RELATED Sense & Sensibility (2008) Review – A Gorgeous Version of a Jane Austen Classic

#5 Laura Ingalls Wilder

Young Laura Ingalls Wilder. Photo in the Public Domain. Women in Literature.

Young Laura Ingalls Wilder. Photo in the Public Domain.

Also Known As: Half Pint

Who Is She: She’s a real person and the main character in the books. Laura Ingalls Wilder wrote about her childhood in pioneer days.

Why We Love Her: Laura’s brave and plucky, traits you need when you’re dealing with the hazards of a pioneer struggling with freezing winters and locusts or the trials of a teacher facing school superintendents and troublesome students.

Best Film Version: None I’d favour so far.

Best Quote: “She thought to herself, “This is now.” She was glad that the cozy house, and Pa and Ma and the firelight and the music, were now. They could not be forgotten, she thought, because now is now. It can never be a long time ago.”

#6 Jane Eyre

Ruth Wilson as Jane Eyre. Photo: BBC. Women in Literature.

Ruth Wilson as Jane Eyre. Photo: BBC

Also Known As: Witch, Elf and whatever other impertinent nicknames Mr. Rochester comes up with for her.

Who is she? The orphan of Charlotte Bronte’s famous work of the same name who finds her own way by becoming a governess and finds love with the guardian of her first charge.

Why We Love Her: When Jane feels like she has lost everything, she has the strength to give up her greatest love when she believes it will go against her beliefs and diminish her soul. Courage is what Jane Eyre is all about.

Best Film Version: Ruth Wilson of the 2006 mini-series.

Best Quote: “Do you think I am an automaton? — a machine without feelings? and can bear to have my morsel of bread snatched from my lips, and my drop of living water dashed from my cup? Do you think, because I am poor, obscure, plain, and little, I am soulless and heartless? You think wrong! — I have as much soul as you — and full as much heart!”

#7 Josephine March

Jo March. Women in Literature.

Our Jo (or is it Augustus Snodgrass?) (Photo Credit: Columbia Pictures)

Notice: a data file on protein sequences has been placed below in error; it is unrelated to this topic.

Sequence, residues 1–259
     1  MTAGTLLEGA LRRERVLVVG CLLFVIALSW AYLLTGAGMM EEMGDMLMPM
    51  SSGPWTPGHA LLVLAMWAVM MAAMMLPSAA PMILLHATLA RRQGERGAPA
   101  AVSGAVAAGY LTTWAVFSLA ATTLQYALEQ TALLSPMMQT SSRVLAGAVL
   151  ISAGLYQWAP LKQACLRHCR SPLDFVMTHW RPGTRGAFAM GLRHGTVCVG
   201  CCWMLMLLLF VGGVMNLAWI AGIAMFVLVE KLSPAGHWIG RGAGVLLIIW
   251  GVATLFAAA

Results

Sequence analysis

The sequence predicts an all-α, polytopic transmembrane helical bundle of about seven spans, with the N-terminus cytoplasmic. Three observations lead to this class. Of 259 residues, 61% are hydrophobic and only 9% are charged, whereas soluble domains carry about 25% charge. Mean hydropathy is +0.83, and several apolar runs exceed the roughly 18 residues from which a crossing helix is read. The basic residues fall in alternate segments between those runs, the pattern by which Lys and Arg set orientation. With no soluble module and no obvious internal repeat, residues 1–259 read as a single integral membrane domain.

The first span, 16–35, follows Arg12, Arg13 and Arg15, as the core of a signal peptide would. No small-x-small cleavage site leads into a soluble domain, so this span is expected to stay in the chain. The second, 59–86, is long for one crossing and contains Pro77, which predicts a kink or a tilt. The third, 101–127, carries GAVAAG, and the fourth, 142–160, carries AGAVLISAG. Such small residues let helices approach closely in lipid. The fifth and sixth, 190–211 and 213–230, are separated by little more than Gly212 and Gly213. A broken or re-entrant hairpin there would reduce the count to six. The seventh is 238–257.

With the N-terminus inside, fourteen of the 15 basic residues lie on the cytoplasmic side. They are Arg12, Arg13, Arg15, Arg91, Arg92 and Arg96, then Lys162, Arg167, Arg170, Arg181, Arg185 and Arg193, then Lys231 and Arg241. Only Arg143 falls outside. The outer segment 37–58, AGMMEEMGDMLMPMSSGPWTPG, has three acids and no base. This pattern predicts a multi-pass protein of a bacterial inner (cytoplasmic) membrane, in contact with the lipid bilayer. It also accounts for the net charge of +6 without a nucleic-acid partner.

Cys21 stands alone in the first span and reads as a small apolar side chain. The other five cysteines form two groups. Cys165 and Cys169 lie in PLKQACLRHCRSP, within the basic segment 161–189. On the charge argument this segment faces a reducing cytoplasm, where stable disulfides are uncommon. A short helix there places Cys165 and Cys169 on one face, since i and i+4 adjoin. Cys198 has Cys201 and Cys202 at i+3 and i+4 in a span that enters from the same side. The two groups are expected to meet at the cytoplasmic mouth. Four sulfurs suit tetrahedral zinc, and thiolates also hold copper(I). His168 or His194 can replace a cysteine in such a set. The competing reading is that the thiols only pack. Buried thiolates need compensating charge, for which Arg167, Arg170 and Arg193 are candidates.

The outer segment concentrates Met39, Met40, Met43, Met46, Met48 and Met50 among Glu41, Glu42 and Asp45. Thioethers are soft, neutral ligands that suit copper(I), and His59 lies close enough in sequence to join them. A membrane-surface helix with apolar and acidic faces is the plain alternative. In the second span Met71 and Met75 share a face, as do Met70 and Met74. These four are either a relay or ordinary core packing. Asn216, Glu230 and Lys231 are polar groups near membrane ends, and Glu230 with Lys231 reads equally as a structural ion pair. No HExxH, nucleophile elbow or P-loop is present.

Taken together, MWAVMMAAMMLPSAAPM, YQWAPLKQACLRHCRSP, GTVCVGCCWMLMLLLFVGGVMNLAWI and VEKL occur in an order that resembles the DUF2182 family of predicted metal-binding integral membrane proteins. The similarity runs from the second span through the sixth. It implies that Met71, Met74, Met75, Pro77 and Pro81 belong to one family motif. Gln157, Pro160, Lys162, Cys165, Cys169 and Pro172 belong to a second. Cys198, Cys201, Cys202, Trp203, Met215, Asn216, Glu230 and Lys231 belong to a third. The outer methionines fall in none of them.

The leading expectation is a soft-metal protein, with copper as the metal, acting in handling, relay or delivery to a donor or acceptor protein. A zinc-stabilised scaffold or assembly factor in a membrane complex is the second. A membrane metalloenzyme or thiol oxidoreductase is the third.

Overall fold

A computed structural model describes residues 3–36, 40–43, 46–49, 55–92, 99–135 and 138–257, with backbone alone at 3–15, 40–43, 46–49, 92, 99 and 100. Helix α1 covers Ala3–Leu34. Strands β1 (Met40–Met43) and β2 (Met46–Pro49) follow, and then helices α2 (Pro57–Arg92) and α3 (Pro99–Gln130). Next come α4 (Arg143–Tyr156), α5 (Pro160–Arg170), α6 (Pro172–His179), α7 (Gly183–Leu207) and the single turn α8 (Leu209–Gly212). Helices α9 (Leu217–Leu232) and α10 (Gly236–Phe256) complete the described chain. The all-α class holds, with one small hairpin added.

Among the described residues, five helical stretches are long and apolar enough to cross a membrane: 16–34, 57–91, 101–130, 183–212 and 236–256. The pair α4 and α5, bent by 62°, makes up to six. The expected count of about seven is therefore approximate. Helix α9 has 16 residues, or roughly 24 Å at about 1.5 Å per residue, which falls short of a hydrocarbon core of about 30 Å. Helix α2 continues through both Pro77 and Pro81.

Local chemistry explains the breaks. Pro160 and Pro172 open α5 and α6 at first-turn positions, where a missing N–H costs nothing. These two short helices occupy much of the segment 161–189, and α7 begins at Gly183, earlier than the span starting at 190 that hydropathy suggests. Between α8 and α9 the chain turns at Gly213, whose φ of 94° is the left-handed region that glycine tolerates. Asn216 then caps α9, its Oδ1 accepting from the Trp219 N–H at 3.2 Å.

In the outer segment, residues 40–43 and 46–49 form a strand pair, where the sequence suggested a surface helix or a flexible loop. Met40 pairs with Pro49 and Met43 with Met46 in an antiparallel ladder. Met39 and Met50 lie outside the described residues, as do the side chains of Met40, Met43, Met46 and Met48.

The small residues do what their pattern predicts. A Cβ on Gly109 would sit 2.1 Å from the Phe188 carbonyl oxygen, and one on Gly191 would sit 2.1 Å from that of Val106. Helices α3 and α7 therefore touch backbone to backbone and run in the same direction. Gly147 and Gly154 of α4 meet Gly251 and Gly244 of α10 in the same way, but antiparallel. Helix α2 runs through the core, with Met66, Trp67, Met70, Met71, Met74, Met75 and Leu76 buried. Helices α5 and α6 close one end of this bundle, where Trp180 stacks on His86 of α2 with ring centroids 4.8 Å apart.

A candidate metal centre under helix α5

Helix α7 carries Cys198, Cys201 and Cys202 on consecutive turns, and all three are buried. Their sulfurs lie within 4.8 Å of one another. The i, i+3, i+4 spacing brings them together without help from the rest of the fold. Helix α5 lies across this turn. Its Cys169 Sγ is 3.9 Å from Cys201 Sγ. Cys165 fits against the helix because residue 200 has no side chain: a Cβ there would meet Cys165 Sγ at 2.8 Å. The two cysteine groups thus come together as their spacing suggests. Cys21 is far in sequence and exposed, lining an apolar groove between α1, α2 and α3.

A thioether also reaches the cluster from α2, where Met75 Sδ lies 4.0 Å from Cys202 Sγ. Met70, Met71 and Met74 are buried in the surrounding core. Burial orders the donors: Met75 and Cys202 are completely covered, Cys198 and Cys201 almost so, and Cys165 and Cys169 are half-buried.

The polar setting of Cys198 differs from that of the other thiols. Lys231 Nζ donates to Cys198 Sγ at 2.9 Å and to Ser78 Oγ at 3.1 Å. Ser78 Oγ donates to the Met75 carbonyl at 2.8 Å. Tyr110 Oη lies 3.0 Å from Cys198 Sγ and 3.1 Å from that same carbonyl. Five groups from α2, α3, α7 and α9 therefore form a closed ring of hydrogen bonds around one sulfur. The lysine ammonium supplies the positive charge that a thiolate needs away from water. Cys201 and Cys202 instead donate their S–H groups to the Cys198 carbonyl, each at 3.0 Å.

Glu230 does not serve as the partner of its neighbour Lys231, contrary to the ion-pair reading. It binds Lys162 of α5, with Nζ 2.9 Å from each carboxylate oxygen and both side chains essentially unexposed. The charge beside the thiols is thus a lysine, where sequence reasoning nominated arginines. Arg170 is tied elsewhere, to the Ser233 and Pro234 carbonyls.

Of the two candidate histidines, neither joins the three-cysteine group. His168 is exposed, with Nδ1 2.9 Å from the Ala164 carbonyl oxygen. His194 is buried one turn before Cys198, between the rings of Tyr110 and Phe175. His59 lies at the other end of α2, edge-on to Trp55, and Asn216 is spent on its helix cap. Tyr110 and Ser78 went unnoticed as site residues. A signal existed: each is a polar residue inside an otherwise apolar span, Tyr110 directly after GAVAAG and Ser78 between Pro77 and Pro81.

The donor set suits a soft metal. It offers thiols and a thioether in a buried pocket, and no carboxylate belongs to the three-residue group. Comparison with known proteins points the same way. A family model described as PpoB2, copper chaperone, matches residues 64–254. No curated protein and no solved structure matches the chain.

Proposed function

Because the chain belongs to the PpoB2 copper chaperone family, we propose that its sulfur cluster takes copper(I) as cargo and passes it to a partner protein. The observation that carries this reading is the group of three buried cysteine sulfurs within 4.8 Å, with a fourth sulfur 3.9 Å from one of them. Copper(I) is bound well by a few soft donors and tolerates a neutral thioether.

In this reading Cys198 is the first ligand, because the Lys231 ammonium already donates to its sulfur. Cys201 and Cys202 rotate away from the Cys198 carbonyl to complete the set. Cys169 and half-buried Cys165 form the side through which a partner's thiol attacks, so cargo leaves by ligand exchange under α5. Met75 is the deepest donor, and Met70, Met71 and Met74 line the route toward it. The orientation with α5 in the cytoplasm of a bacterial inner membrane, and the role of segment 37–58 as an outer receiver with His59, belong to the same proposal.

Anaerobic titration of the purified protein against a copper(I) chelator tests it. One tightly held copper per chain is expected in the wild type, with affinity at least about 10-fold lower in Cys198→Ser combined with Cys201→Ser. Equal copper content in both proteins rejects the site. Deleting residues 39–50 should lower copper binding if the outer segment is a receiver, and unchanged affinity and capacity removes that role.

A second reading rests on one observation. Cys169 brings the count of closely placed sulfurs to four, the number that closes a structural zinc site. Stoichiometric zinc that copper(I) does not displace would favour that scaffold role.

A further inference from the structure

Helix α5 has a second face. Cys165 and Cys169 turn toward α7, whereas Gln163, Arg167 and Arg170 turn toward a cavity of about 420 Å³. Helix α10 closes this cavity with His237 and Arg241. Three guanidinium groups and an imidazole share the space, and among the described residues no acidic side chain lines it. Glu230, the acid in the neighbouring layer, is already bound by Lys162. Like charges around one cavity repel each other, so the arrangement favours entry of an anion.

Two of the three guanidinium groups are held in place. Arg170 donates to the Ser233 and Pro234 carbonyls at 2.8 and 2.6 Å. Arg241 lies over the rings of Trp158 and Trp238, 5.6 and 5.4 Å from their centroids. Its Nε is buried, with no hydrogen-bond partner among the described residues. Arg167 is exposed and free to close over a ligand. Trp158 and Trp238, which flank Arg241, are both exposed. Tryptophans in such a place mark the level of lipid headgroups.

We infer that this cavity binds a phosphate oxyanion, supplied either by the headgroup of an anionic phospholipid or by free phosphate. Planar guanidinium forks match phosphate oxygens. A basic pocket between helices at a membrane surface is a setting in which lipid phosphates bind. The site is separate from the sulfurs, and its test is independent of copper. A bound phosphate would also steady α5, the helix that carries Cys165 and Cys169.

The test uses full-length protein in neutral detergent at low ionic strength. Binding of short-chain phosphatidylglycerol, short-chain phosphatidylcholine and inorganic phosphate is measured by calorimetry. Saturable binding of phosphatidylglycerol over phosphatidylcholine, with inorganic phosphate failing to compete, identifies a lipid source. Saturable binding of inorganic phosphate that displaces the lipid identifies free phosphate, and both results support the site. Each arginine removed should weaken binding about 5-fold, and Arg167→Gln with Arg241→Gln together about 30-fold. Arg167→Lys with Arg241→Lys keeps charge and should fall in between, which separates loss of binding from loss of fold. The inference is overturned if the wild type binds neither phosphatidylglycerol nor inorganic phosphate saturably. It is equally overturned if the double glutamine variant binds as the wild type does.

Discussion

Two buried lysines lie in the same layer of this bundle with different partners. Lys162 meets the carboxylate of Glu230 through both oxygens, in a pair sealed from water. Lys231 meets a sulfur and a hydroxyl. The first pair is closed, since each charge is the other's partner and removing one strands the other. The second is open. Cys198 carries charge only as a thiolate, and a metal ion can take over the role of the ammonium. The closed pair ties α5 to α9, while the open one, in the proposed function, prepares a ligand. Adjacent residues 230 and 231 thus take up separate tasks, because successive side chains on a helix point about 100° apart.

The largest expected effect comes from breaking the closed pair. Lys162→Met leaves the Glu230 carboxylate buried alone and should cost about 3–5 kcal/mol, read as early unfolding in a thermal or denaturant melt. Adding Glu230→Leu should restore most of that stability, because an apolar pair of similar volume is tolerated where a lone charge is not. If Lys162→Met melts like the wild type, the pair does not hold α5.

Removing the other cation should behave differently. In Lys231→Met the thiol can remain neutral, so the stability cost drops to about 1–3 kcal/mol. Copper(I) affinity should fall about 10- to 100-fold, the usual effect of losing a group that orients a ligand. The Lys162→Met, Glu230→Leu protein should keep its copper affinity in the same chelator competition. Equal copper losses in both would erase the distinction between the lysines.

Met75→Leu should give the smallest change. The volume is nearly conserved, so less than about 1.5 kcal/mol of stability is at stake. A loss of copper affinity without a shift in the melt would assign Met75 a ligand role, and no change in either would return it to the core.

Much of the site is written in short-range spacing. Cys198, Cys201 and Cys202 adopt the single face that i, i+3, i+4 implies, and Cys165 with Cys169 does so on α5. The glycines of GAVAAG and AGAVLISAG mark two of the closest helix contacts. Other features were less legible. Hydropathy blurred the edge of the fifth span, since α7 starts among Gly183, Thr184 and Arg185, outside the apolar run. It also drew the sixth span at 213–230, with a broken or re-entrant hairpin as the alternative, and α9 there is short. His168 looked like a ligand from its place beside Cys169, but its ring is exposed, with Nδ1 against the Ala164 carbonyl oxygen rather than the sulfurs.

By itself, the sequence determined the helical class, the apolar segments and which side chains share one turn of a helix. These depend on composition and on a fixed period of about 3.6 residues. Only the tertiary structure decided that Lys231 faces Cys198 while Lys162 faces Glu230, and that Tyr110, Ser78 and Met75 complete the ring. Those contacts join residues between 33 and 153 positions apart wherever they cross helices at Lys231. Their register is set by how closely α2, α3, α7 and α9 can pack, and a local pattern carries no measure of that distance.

Also Known As: Jo (also Augustus Snodgrass, Count Hugo and various male characters in family theatrics)

Who is she? One of the March sisters in Louisa May Alcott’s enduring classic Little Women.

Why We Love Her: Jo speaks to so many sensitive readers with her love of books and writing. Like many young girls (and grown women) she doesn’t always feel comfortable in her own skin and doesn’t care to conform to preconceived ideas of what a “lady” should be like. I always felt so in tune with Jo’s struggle to keep her temper. Her imperfections endear many to her.

Best Film Version: Winona Rider in the almost perfect 1994 movie.

Best Quote: “I’d have a stable full of Arabian steeds, rooms piled with books, and I’d write out of a magic inkstand, so that my works should be as famous as Laurie’s music. I want to do something splendid before I go into my castle-something heroic, or wonderful-that won’t be forgotten after I’m dead. I don’t know what, but I’m on the watch for it, and mean to astonish you all, some day. I think I shall write books, and get rich and famous; that would suit me, so that is my favorite dream.”

RELATED Literary Romantic Moment Series – Jo and Professor Bhaer

#8 Beatrice

Beatrice. . Women in Literature.

Beatrice charms them all (Photo: Samuel Goldwyn Company)

Also Known As: Benedick calls her many names e.g. harpy, and she has a quick answer for them all.

Who is she? The quick-witted young woman of Shakespeare’s Much Ado About Nothing who keeps up a “merry war” with a gentleman called Benedick. The two amuse all their friends with their bantering.

Why We Love Her: Everyone wishes they could have a smart answer when the occasion arises, but few of us can manage it as well as Beatrice. She’s clever and funny and bold and charms everyone except Benedick though he can’t seem to keep himself from engaging her.

Best Film Version: I love nothing so well as Emma Thompson in the 1993 version directed by Kenneth Branagh.

Best Quote: When told she was clearly born in a “merry hour.” Beatrice:  No, sure, my lord, my mother cried; but then there was a star danced, and under that was I born.

RELATED Much Ado About Nothing Film Review – A Timeless Summer of Love

Honourable Mentions

I spent a long time trying to make this list of women we love because there are so many awesome heroines. It was very hard to choose, but I had to stop somewhere! Here are some others who almost made the list and who were suggested to me when I asked for some ideas from online friends.

  • Helen Huntingdon – The Tenant of Wildfell Hall
  • Anne Elliot – Persuasion
  • Catherine Morland – Northanger Abbey
  • Mary Lennox – The Secret Garden
  • Dorothea Brooke – Middlemarch
  • Molly Gibson –Wives and Daughters
  • Marian Halcombe – The Woman in White

Who are some of your favorite women in literature? Let me know in the comments!